For the essay, you will choose one or more theoretical approaches, exploring underlying assumptions, empirical evidence, the contribution to understanding landscape and wellbeing relationships and their implications for landscape design guidance. The essay will contain diagrams, charts and other graphic or audio-visual material as appropriate.
Both assessments are marked against all Learning Outcomes

All formative and summative deadlines will be communicated to students well in advance, via Learn and course materials.
Feedback Formative tasks will consist of:
1. Outline of essay abstract (500 words), week 6 and communicated via Learn and course materials, for which written feedback is given by tutors or lecturer.

2. Essay presentation (10-20 minutes), week 11, for which oral feedback is given by tutors and peers.

Summative Feedback
Written feedback will be provided on Seminar Presentation and Theory Essay. This feedback will be released per University regulations
No Exam Information
Learning Outcomes
On completion of this course, the student will be able to:
  1. Review literature and current developments in the field to critically analyse one or more specific theories in landscape and wellbeing.
  2. Explain how examples of theory and empirical evidence inform judgements in relevant disciplines and inform good design for health and wellbeing, set within related policy and governance frameworks.
  3. Communicate effectively to peers and other academic and professional audiences, using written and graphic skills that draw on conventional and specialist techniques.
Reading List
Bell, S 2012, Landscape. Pattern, Perception and Process. 2 edn, Routledge, Abingdon.

Bell, S. & Ward Thompson, C. 2014. Human engagement with forest environments: implications for physical and mental health and wellbeing, in T. Fenning (ed.) Challenges and Opportunities for the World's Forests in the 21st Century, Forestry Sciences 81, Dordrecht: Springer, pp. 71-92, DOI: 10.1007/978-94-007-7076-8_1

Kuo, M. 2015. How might contact with nature promote human health? Promising mechanisms and a possible central pathway. Frontiers in Psychology 6, 1093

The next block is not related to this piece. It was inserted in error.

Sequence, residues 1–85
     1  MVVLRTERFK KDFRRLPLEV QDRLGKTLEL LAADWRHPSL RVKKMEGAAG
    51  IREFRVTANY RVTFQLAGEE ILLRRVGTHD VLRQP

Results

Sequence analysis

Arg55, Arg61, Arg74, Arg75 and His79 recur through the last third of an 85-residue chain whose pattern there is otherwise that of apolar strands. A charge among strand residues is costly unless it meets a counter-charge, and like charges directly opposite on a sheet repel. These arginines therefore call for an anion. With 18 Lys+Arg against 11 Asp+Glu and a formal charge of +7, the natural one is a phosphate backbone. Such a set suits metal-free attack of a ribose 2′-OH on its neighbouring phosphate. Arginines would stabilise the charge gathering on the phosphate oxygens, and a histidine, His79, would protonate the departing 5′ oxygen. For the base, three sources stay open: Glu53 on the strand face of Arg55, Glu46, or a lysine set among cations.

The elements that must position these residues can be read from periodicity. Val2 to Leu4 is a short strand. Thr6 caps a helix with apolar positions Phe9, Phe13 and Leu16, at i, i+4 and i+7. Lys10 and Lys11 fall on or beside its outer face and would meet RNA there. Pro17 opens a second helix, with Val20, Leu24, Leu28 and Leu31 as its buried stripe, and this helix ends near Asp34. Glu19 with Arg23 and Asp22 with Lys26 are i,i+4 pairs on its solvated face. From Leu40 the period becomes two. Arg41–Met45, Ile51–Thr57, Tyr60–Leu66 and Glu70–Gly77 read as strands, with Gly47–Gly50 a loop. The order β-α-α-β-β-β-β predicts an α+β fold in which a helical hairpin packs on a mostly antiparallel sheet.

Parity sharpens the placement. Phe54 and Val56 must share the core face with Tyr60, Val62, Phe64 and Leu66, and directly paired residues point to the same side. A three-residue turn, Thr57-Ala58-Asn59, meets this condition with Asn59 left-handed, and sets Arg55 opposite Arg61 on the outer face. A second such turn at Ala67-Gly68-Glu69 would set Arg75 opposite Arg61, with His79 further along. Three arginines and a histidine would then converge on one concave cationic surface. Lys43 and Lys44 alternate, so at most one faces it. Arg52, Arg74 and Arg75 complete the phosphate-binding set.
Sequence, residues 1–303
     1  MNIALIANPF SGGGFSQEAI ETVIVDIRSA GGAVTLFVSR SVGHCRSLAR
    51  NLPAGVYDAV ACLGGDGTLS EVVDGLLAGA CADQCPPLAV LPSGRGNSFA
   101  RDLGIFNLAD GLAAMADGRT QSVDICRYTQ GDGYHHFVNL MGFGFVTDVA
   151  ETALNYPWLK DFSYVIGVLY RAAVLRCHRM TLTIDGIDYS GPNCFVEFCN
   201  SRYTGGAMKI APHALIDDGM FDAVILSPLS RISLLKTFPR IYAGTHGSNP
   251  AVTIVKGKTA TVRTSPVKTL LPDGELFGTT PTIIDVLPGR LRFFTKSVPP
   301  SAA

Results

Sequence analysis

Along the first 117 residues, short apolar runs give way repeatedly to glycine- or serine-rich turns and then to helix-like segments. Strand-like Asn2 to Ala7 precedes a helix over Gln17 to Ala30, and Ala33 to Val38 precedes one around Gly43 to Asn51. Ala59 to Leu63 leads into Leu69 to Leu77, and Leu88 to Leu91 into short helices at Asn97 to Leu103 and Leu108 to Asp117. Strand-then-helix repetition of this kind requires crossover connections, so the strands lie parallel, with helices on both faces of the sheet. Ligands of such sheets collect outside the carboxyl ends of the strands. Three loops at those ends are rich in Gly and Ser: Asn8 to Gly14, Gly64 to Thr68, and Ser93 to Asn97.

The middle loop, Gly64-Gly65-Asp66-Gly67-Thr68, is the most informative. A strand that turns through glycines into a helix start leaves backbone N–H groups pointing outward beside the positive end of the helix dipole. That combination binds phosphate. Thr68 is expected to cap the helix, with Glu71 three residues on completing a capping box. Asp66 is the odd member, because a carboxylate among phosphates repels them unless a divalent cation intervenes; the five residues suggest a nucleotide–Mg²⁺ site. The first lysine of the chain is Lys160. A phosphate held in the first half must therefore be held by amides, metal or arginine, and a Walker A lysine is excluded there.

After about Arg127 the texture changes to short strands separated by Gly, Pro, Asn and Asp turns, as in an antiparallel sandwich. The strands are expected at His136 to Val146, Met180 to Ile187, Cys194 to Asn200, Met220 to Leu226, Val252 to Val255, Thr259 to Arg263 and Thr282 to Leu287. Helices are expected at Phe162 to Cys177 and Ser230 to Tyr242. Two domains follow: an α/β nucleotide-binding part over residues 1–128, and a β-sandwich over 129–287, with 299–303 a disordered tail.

Van den Bosch, M., & Bird, W. 2018. Oxford Textbook of Nature and Public Health. Oxford University Press.

Ward Thompson, C. and Travlou, P. (eds) 2007. Open Space: People Space. Abingdon, UK: Taylor and Francis.

Ward Thompson, C. 2011. Linking Landscape and Health: the Recurring Theme, Landscape and Urban Planning, 99(3), 187-195, doi: 10.1016/j.landurbplan.2010.10.006

WHO. 2016. Urban Green Spaces and Health: a review of evidence. Copenhagen: WHO Regional Office for Europe.
Additional Information
Graduate Attributes and Skills Knowledge and understanding: ability to reflect critically on the principal theories in the discipline set in a policy context.

Generic cognitive skills: the application of critical analysis, evaluation and synthesis via critical review and judgement on theories at the forefront of the disciplines relevant to landscape and wellbeing.

Practice - applied knowledge and understanding: select, and demonstrate the practical application of, specialist skills to a real-life research project informed by forefront developments in the subject.

Communication skills and autonomy and accountability: working alone and with others to develop and present findings from their work, using ICT and numeracy skills as appropriate, and demonstration of routine and specialist skills to communicate effectively to different audiences.
Keywordslandscape,wellbeing,health,environment,theory,green space
Course organiserDr Scott Ogletree
Course secretaryMr Daniel Jackson
Tel: (0131 6)50 2309